Thursday, 20 June 2013

Putting Fur to Paper

One of the hardest aspects when creating portraits of animals is getting the texture of fur right. I have spoken to a number of animal and wildlife artists who use a variety of techniques to get the fur on to paper. Obviously the techniques when creating a more abstract painting are different and there is more scope for using artistic license when depicting fur in this type of portrait. Here I am focusing on creating photo-realistic fur in a portrait.

The main points that need to be remembered when painting fur are the following -

The growth direction of the fur - Make sure you follow the direction of the fur growth when painting the fur. This is important whatever medium you are using but particularly important when using pencil.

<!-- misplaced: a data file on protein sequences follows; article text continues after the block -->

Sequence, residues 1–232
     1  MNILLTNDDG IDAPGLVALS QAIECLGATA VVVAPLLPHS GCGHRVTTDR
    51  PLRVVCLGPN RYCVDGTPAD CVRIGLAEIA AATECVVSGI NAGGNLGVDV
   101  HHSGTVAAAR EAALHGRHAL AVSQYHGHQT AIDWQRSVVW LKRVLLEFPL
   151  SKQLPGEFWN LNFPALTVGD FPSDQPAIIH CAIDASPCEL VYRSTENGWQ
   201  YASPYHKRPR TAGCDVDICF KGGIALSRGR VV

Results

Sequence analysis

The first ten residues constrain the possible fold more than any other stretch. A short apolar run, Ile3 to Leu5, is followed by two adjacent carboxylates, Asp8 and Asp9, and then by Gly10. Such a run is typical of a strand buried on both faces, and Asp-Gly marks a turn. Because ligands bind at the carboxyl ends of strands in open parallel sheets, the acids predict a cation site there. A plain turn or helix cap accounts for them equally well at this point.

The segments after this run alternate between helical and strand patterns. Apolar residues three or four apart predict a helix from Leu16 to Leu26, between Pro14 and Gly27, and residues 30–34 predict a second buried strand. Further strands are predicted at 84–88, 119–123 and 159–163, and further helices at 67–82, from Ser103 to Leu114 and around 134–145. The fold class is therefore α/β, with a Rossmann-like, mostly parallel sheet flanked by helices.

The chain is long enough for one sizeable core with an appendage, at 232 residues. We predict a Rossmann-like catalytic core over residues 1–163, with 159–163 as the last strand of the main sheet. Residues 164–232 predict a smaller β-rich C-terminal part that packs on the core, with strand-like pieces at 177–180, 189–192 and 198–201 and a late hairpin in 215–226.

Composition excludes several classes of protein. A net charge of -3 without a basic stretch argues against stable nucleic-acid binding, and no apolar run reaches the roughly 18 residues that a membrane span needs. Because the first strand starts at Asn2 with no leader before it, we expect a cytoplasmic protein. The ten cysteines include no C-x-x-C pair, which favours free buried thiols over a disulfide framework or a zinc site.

The light and shadows caused by the fur - Longer fur creates more shadow underneath it. You can use light and shadow to create the shape and form of the bone structure of the  animal underneath the fur.

The length of the fur - Hatching is a goof technique to use when drawing fur in pencil. Using longer curved hatching lines if you are trying to create longer fur. Longer fur tends to be more difficult due to the fact that the individual strands of fur curl and overlap each other.

As with all art you need to develop a controlled and light touch. Fur needs to be built up slowly using strokes of varying length if it is to look realistic.

If you have any tips for creating fur in art then let me know!

The Pilothouse Gallery - Pet Portraits

No comments: